More than one week after the polls closed in Mississippi’s hotly-contested Republican U.S. Senate primary, the campaign many have called this year’s nastiest political fight shows no signs of letting up.
Chris McDaniel, the Tea Party-aligned candidate in Mississippi who refused to concede after losing in last week’s GOP primary runoff against incumbent Sen. Thad Cochran is digging in further. In an emailed to supporters Wednesday, McDaniel announced he is building an “Election Challenge Fund” to contest what he called a “corrupt” election.
A source on the Cochran campaign fired back in a conversation with Business Insider Wednesday, in which the source dismissed McDaniel as a “clinically diagnosable narcissist” and a scam artist.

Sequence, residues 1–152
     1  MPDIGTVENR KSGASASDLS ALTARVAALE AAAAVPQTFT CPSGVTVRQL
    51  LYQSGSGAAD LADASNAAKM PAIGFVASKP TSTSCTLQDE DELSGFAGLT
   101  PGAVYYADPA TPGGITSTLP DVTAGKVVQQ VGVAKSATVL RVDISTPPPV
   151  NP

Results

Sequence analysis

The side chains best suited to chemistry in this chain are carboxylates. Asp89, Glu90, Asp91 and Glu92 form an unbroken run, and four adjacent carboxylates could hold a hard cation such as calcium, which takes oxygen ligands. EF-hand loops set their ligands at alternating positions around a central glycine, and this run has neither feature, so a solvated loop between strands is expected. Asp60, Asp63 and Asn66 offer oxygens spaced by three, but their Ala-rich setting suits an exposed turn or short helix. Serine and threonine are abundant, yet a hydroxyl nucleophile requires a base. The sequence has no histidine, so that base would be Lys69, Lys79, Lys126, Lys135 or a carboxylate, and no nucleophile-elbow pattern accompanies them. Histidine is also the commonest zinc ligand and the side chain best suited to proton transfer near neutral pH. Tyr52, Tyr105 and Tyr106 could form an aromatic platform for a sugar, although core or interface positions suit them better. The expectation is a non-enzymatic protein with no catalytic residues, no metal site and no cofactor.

“The guy is basically Joel Osteen,” the source said of McDaniel in a phone interview Wednesday morning. “He’s such a phony, and he’s taking advantage of these people to stay in the spotlight. This is such a publicity stunt. He can’t stand the fact that he lost.”
McDaniel, who is a state senator, surprised many local and national political observers when he refused to concede in a blistering, election-night speech last Tuesday. More were surprised McDaniel, who many view as having a bright political future in Mississippi and potentially beyond the state’s borders, is mounting this challenge amid the risk of losing support of the national Republican Party.